This second leg of our expedition led us to the island’s easternmost reaches, for surveys in the wet, lower-lying mountains of the Sagua-Baracoa massif. Leaving Santiago de Cuba by 6 am on 4 April, we passed through Guantanamo, then traversed through the Cuchilla de Toa range en route to Cuba’s oldest city of Baracoa, with its quiet, charming cobblestone streets. This region of the island was slammed by Hurricane Matthew in early October 2016, causing severe damage to both human infrastucture and natural habitats. The habitat we passed through didn’t jump out as having high BITH potential, but some of the higher elevations will bear future checking. The following morning had us moving by 5 am (our landlord having graciously supplied a thermos of hot coffee at 0445!), en route to Humboldt National Park. We surveyed a 3-km transect through wet, serpentine broadleaf “rain forests” from ~300—625 m elevation on the Balcon de Iberia. Humidity felt close to 100% and sweat poured as we hustled upslope to take advantage of the cooler early morning, when BITH are most responsive. The bizarre, gurgling calls of Cuban Crows gave way to trogons, todies and solitaires. A few patches of dense undergrowth with climbing bamboo and many downed trees or branches seemed promising, but no BITH materialized.
Our final BITH sortie found us lurching in the truck that afternoon over 28 km of very rough roads towards the tiny, remote town of La Melba, located near a now-closed bauxite mine. There can’t be many communities in the western hemisphere that are as physically isolated as this one, though it boasts its own school, two doctors and a panaderia (bakery)! Our hopes of dusk BITH surveys were thwarted by impassable road conditions, so we consoled ourselves with a refreshing dip in Rio Melba, then camped outside the park headquarters. A steady stream of locals stopped by, and all seemed to know Nicasio.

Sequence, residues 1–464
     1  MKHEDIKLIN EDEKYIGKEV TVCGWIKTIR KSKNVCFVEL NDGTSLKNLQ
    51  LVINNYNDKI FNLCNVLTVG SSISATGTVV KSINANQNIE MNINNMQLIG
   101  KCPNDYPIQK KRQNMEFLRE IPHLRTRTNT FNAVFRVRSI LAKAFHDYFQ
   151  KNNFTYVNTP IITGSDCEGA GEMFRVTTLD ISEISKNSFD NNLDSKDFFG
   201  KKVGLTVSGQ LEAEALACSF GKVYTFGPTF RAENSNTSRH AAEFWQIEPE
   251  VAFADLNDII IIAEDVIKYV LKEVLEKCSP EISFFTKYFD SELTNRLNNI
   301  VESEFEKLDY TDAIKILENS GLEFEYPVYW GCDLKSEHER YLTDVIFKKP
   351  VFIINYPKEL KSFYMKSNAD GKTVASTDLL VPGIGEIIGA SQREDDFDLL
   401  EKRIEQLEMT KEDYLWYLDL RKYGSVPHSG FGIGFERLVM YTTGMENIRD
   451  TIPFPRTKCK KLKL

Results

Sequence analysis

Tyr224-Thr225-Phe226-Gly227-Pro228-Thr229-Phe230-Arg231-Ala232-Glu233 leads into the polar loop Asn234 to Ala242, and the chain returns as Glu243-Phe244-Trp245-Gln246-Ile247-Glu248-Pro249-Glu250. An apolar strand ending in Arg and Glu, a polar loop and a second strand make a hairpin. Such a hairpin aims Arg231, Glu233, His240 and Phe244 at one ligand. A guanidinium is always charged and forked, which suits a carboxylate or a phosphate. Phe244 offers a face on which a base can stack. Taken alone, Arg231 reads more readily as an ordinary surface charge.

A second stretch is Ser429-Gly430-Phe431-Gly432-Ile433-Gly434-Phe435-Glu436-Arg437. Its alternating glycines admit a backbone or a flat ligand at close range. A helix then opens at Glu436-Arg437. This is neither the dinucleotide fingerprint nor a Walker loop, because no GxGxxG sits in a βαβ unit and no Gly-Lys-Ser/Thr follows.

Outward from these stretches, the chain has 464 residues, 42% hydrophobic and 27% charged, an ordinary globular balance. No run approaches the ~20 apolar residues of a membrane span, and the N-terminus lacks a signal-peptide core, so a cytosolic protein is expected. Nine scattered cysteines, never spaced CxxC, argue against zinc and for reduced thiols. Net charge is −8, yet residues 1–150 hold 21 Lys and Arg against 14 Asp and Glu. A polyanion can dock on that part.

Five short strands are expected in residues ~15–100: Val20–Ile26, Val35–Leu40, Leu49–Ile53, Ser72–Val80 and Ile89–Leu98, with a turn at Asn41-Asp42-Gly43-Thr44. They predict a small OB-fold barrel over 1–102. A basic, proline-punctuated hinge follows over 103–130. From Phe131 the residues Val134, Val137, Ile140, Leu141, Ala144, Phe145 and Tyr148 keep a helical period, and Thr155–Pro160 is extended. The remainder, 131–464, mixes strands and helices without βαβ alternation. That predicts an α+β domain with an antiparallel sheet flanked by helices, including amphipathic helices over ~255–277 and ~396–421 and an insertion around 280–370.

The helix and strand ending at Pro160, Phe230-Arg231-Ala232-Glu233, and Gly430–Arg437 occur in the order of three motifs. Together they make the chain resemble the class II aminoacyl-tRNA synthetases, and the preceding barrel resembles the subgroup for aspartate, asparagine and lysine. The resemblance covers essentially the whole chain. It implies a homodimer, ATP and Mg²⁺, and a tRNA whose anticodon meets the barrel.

Our final field day featured dawn surveys along the road back to the lowlands, where we again “dipped” on BITH, not surprisingly. Having promised us a Bee Hummingbird, Nicasio detoured to a boy scout camp, Campamento Pioneros Cayo Guam”, now empty during its off-season. The world’s smallest bird did not disappoint, as we were treated to a spectacular lek display of 3 males performing aerial histrionics for a mostly invisible (to us) female. We heard our final trogon and solitaires singing here, then began the long trek back to Santiago de Cuba, stopping for lunch in the town of Moa to celebrate Yasit’s birthday, complete with a pink-frosted cake.
Despite finding only 2 BITH, VCE’s inaugural trip to Cuba was an unqualified, resounding success. We accomplished our primary goals of forging a strong partnership with BIOECO, experiencing the logistics of field work, becoming familiar with the landscape, and refining our thoughts about how to tackle this challenging bird across the island. Cuba is a captivating country, rich in biodiversity, with relatively well-conserved natural habitats, and a strong scientific infrastructure. John and I are truly enthused about the opportunities for VCE to work there, and there is little doubt that we’ll be back.